Hi, I’m Philip Be’er, author of Learning to Love – Your Guide to Personal Empowerment, and this post focuses on applying the three components of love: unconditional acceptance; secure connection; and deep understanding to the elimination of domestic violence.
Whether we’re a six-month-old baby or a love-struck teen, in order to feel loved, we need the same three conditions to exist: We need to feel as if we’re being unconditionally accepted. In other words we need to feel as if we’re being accepted exactly the way that we are, and we need to feel as if we’re securely connected; we need to feel an attachment to the person who is loving us, and we need to feel, or we have a clear sense that they understand us deeply.
Domestic conflict will show up when one, or both of the partners, is no longer feeling unconditionally accepted by their partner, or they feel as if the security of that connection is threatened in some way, or they’re feeling as if they’re not being deeply understood by their partner.
So, what accounts for the intense feelings that bring a couple, who once loved one another, into a state of conflict?
And the solution that we have is that this feeling of disconnection and misunderstanding, or of not being fully accepted, is something that human beings find terrifying, and I write about it in detail in Learning to Love – Your Guide to Personal Empowerment. What we can say is that domestic conflict can be understood as a maladaptive response to the terror that a person or their partner is feeling.
So let’s take a look at how we can fix the problem of domestic violence:
First thing to do is: every time you get upset, describe the reaction that you’re having in a dedicated Healing Journal. Write it down!
And when you’re writing it down, make sure that you focus on your reaction rather than focusing on what your partner has said or done.
For the approach that I teach to work, it’s only necessary one of the conflicting/conflicted partners to change, and it’s much less important which of the parties make the changes to how they be.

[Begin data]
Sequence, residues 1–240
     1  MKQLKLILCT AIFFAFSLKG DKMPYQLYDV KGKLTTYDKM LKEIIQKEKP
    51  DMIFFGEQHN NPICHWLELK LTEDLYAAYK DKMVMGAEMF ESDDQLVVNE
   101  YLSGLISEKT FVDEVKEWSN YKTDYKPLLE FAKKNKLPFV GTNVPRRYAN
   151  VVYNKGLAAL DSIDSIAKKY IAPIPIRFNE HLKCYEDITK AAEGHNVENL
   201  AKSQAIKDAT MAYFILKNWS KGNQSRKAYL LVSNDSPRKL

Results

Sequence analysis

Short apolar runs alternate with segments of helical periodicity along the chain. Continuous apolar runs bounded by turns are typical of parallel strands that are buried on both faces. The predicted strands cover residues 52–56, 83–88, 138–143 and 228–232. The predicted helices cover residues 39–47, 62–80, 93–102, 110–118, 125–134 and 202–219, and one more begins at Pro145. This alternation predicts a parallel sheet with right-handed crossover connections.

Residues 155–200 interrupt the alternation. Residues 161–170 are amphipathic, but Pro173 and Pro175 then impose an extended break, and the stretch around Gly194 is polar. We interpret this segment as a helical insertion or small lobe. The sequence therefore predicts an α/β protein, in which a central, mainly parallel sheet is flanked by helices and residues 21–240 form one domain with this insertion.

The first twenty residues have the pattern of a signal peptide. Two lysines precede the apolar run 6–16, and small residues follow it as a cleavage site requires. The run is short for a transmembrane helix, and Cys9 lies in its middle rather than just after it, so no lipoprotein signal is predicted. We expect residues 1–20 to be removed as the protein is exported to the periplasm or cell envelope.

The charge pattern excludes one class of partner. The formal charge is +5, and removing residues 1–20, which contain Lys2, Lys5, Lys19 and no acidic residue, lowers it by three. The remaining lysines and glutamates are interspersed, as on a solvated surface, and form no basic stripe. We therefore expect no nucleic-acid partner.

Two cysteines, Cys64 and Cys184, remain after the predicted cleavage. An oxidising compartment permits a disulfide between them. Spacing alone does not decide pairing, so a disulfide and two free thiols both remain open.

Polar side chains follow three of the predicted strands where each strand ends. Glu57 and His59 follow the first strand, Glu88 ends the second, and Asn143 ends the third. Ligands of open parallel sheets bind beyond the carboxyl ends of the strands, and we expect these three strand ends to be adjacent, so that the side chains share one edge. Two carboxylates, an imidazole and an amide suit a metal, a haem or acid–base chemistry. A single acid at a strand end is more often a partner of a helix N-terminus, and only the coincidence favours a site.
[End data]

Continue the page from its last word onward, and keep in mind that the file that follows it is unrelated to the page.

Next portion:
If you’re serious about preventing the domestic abuse or the domestic violence then it’s important for you to really get in touch with the emotions that you’re feeling when you begin reacting, so alongside the reactions that you wrote down already, make a note of how are you feeling.
Most people will write down one of the feelings, as anger, so take it a little deeper, because what we know about anger is that it’s really a projection of fear. So, if you feeling angry, do your best to connect to what it is that you’re afraid of. So you can ask this question: “If I didn’t respond with anger, if I didn’t react, what would have happened? How did my reaction prevent something from happening that I was trying to avoid, or to prevent from happening?
The second place that you might go when you’re writing down your feelings into judgment, either of your partner, or of yourself is self!
So, judgment is a projection of shame, and shame is the fear that we are going to be disconnected or alienated or isolated. So, you can ask yourself the question, if you do find yourself judging, “What am I afraid that people might think of me? What am I afraid that people might think about me?”
Now that you can see your emotions written in ink, in front of you, imagine a baby feeling that way, and imagine holding that baby and trying to comfort the little baby, feeling exactly the same emotions that you’ve just written down.